|by Uwe B. Meding||» Get the Source|
Matching two graphs to see if they are identical is very complex. Mathematicians call the matching process graph isomorphism. In fact, it is not known to have a general solution at all. It has been determined that the complexity of a generic solution would put it almost into the class of NP (non-deterministic polynomial) problems. (See 1 and 2.) Problems that live in this class typically will take a decidedly long time to iterate through all required permutations to find a solution. For example, even a small graph with 100 vertices will exceed the enumeration required for all particles in the known universe. However, there are many graphs that define many more vertices, for example social networks or electronic circuits. Checking whether a given vertex bijection is an isomorphism would require an examination of all vertex pairs, which itself is not overwhelming. However, since one would need to check n! vertex bijections for determining general graph isomorphism, it makes this a difficult problem to solve.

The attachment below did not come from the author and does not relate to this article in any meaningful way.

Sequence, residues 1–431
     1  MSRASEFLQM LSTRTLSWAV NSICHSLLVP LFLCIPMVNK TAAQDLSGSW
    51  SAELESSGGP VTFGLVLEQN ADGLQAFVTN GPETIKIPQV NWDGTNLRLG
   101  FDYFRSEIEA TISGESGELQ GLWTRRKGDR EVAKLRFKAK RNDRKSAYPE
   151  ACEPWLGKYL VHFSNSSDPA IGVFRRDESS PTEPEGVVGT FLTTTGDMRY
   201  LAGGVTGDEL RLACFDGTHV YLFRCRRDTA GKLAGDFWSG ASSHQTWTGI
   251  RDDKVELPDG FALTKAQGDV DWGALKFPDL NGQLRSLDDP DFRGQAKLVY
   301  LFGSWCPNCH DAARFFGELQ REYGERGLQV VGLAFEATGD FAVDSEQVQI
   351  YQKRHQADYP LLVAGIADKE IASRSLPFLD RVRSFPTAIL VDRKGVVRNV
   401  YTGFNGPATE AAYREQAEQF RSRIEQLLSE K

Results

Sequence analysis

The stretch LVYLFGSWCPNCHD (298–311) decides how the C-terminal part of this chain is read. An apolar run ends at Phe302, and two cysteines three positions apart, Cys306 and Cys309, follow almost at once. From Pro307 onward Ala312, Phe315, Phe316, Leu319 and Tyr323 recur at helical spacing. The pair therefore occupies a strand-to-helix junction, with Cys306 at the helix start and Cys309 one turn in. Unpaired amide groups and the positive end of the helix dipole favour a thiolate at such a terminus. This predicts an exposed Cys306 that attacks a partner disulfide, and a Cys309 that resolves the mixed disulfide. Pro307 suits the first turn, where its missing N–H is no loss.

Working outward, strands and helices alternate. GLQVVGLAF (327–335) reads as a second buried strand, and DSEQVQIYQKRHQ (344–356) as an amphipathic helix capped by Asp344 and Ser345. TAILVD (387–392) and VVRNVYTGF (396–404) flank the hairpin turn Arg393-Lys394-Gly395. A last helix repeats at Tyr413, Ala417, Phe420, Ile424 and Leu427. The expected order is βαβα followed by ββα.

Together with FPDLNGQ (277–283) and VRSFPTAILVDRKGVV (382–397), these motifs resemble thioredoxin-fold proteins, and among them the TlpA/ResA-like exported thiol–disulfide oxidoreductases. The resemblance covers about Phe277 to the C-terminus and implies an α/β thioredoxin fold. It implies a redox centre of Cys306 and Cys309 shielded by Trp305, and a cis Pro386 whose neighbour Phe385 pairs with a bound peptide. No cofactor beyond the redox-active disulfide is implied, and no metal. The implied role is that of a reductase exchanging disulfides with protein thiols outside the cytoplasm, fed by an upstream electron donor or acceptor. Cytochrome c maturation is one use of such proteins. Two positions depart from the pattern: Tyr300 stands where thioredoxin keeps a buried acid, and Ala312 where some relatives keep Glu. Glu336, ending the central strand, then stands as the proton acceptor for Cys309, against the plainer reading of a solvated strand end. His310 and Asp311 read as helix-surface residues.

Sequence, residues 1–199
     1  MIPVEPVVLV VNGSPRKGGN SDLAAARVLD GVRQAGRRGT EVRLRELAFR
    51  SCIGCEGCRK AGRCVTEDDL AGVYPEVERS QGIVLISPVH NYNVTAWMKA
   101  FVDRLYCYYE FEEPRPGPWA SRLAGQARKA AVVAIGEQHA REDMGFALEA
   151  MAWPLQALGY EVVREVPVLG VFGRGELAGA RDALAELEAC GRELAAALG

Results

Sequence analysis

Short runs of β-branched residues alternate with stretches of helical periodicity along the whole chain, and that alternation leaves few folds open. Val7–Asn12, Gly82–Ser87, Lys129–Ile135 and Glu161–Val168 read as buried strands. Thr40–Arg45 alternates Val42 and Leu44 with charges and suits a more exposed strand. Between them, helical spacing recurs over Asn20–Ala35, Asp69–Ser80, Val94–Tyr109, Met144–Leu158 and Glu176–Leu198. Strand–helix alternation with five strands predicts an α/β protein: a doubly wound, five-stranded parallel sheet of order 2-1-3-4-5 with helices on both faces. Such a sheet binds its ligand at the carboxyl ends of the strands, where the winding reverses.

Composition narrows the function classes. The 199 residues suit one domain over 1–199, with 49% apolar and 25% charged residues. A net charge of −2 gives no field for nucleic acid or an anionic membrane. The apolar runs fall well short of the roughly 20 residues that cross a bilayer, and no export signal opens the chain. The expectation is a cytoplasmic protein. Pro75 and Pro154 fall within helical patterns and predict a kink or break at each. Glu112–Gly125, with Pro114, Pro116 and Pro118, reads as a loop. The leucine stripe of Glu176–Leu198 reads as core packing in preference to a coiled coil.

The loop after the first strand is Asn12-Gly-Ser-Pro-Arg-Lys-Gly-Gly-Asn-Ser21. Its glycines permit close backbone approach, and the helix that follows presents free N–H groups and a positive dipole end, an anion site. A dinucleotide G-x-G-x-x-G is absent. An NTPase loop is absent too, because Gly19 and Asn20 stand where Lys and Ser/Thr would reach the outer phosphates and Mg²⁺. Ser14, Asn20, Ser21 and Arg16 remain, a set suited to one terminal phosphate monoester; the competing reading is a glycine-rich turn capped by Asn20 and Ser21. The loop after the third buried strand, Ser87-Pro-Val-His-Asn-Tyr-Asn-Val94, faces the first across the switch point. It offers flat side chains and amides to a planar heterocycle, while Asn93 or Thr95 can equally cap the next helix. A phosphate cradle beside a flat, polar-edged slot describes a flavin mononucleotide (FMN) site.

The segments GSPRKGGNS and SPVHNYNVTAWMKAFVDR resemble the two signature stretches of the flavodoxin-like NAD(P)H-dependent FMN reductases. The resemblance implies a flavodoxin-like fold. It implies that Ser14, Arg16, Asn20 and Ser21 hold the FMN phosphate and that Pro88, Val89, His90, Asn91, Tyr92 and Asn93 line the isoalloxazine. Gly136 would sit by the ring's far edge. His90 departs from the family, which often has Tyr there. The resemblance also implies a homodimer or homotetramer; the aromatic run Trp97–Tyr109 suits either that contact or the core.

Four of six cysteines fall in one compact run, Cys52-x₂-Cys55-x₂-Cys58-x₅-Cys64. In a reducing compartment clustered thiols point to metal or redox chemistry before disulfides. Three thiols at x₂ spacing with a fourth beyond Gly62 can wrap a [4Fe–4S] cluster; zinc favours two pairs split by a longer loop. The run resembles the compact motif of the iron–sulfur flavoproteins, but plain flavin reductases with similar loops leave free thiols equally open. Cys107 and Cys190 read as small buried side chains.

There are a number of solutions to this problem – all of them involve adding additional pieces of information (anchor points if you will) to each graph such that it creates a situation were we move the problem away from the NP complexities of the generic problem. At that point, the problem becomes quite solvable.
Actually, in practice, this makes a lot of sense. A “pure” graph, with just vertices and edges without additional information is not very useful. However, by adding meaning to the graph, we are also defining anchor points which we can use to help the matching process.
Roughly, the matching algorithm looks as follows:
We are sorting the vertices such that we are looking at the ones with the most edges first. Then we are attempting to match the vertices with the largest edge count. Any match will add more reference points into the graph. Then we start the process over again until we have all vertices and edges matched up. This process typically only takes a few iterations to complete.
A “master” vertex reference helps to identify nodes (vertices) that have the same meaning. For example, for a social network the master vertex may refer to a group and the vertices to individual people, with the edges referring to some interaction.
- Skiena, S., Implementing Discrete Mathematics: Combinatorics and Graph Theory with Mathematica., pp. 181-187, Addison-Wesley (1990).
- Köbler, J., Schöning, U. and Torán, J. The Graph Isomorphism Problem: Its Structural Complexity, pp. 11-25, Birkhäuser (1993)